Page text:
6.00 – 6.15 pm

Break

 

 

6:15 – 7.15 pm

Round table discussions ​
(in parallel)

Anna Kreshuk (EMBL Heidelberg, Germany) / John Bogovic (HHMI, Janelia Research Campus, Ashburn, USA)

1: Image Analysis and Visualization

Ejia Jokitalo (University of Helsinki, Finland), Paul Verkade (University of Bristol, UK)

2: Trends in Volume EM and Correlative Microscopy

Jason Swedlow (School of Life Sciences, University of Dundee, UK), Ugis Sarkans (EMBL-EBI, Hinxton, UK)

3: Metadata Standards / File Formats / Data Archive

Anna Steyer (EMBL Heidelberg, Germany)/Martin Pilhofer (ETH Zürich, Switzerland)

4: Cryo Microscopy

7.15 – 8.00 pm

Key Note

Wah Chiu (Stanford University and SLAC National Accelerator Laboratory, Palo Alto, USA)

Multi-Scale 3D Cryogenic Microscopy and Tomography of Cells

8.00 – 8.45 pm

Virtual Get-Together & Poster Session

All times in CET

Wednesday, 17th February 2021

Time (CET) Topic Speaker Details

2.00 – 2.15 pm

Welcome

Organisational Committee

 

2.15 – 3.30 pm

Session 4: Image Processing

Perrine Paul-Gilloteaux, (SFR Santé F Bonamy, France Bioimaging, Nantes, France)

Correlation, Visualization and Analysis in CLEM

John Bogovic (HHMI, Janelia Research Campus, Ashburn, USA)

Segmentation and Registration Methods for CLEM in Cell Biology

Joris Roels (VIB Bio Imaging Core, Ghent, Belgium)

Scalable automatic segmentation of mitochondria in volume EM

Ilja Belevich (University of Helsinki, Finland)

DeepMIB: User-friendly and open-source software for training of deep learning network for biological image segmentation

all

Q&A Session

3.30 – 3.45 pm

Break

 

 

3.45 – 5.00 pm

Workshop 3

EMBL in collaboration with VIB ​
(Paolo Ronchi, Yannick Schwab / Saskia Lippens, Anneke Kremer)

Correlative Microscopy in 3D: From LSM to FIB-SEM

5.00 – 6.00 pm

Workshop 4

ZEISS Microscopy Customer Center Europe (Endre Majorovits, Steffen Burgold)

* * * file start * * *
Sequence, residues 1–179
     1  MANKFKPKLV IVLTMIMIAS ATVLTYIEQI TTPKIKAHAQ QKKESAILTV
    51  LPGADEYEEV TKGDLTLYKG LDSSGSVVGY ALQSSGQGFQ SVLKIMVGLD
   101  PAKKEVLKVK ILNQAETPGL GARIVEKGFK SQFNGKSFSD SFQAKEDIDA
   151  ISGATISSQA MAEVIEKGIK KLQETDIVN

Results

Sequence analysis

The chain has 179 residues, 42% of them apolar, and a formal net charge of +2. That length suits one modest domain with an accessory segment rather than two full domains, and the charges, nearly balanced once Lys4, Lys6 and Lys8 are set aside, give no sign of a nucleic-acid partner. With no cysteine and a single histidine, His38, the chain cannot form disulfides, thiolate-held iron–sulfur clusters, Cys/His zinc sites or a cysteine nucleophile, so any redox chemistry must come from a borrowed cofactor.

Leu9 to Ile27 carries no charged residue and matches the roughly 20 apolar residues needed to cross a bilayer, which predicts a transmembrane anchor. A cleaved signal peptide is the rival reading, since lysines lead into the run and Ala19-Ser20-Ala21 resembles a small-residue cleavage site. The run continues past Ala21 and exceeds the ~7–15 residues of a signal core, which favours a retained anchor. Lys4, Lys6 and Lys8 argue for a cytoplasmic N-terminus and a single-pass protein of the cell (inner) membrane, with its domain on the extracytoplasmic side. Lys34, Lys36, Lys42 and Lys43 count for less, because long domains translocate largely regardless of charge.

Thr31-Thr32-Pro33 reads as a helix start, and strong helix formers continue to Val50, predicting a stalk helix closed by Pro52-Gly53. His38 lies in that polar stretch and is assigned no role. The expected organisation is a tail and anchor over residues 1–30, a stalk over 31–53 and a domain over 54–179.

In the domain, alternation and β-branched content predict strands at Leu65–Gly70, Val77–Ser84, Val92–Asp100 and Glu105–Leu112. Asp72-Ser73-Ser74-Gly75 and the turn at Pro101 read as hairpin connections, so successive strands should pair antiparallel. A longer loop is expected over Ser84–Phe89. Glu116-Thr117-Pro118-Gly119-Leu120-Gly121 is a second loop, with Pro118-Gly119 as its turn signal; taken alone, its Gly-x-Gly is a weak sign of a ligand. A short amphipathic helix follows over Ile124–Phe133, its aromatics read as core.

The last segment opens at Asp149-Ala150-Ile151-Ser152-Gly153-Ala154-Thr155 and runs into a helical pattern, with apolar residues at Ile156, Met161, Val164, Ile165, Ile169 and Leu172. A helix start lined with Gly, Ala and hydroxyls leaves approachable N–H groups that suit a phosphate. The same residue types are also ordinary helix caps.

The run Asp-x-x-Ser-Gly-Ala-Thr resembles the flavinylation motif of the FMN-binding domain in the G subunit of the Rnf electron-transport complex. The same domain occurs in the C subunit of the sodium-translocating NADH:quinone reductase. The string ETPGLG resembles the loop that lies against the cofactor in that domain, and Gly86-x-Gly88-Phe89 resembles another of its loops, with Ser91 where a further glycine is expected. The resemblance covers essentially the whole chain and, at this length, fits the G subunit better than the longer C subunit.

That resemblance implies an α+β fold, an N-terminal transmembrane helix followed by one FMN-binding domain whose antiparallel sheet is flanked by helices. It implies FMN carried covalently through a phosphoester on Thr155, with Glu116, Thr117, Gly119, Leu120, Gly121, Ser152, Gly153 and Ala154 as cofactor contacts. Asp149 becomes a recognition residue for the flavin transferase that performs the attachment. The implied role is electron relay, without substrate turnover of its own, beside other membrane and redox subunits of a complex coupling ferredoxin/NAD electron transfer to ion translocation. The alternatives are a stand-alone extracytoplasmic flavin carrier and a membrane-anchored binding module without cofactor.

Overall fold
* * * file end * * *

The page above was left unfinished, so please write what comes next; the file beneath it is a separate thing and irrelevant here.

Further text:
The Correlative Cryo Workflow

6.00 – 6.30 pm

Break

 

 

6.30 – 7.00 pm

Closing Key Note

Yannick Schwab

From gene expression atlases to ultrastructure:​ the contribution of CLEM to study specific cell types in multicellular organisms

7.00 – 7.15 pm

Wrap-up & End

Organisational Committee

 

All times in CET

Workshop #1

Correlative light, X-ray, and serial blockface imaging: from preparation to execution

In this workshop, we will use a combination of light, X-ray, and serial blockface microscopy to correlate 3-dimensional volumes across scales, and link structure to function. Begin with a confocal laser scanning microscope to examine the localisation of fluorescent markers and identify target regions of interest. Verify and relocate each area using X-ray microscopy, and finally move to a scanning electron microscope equipped with a Focal Charge Compensation module and Gatan 3View2XP® to reveal the underlying ultrastructure of each target with nanometer resolution.

Workshop #2

Serial Section Tomography (Array Tomography)

See how non-destructive ‘Array Tomography’ (AT) works: after image acquisition, all single 2D images are computed into a 3D model. Volume EM datasets can be correlated with 3D light microscopy datasets of the same sample acquired with fluorescence contrast.

Workshop #3

Targeting FIBSEM acquisition of single cells in a large specimen guided by LSM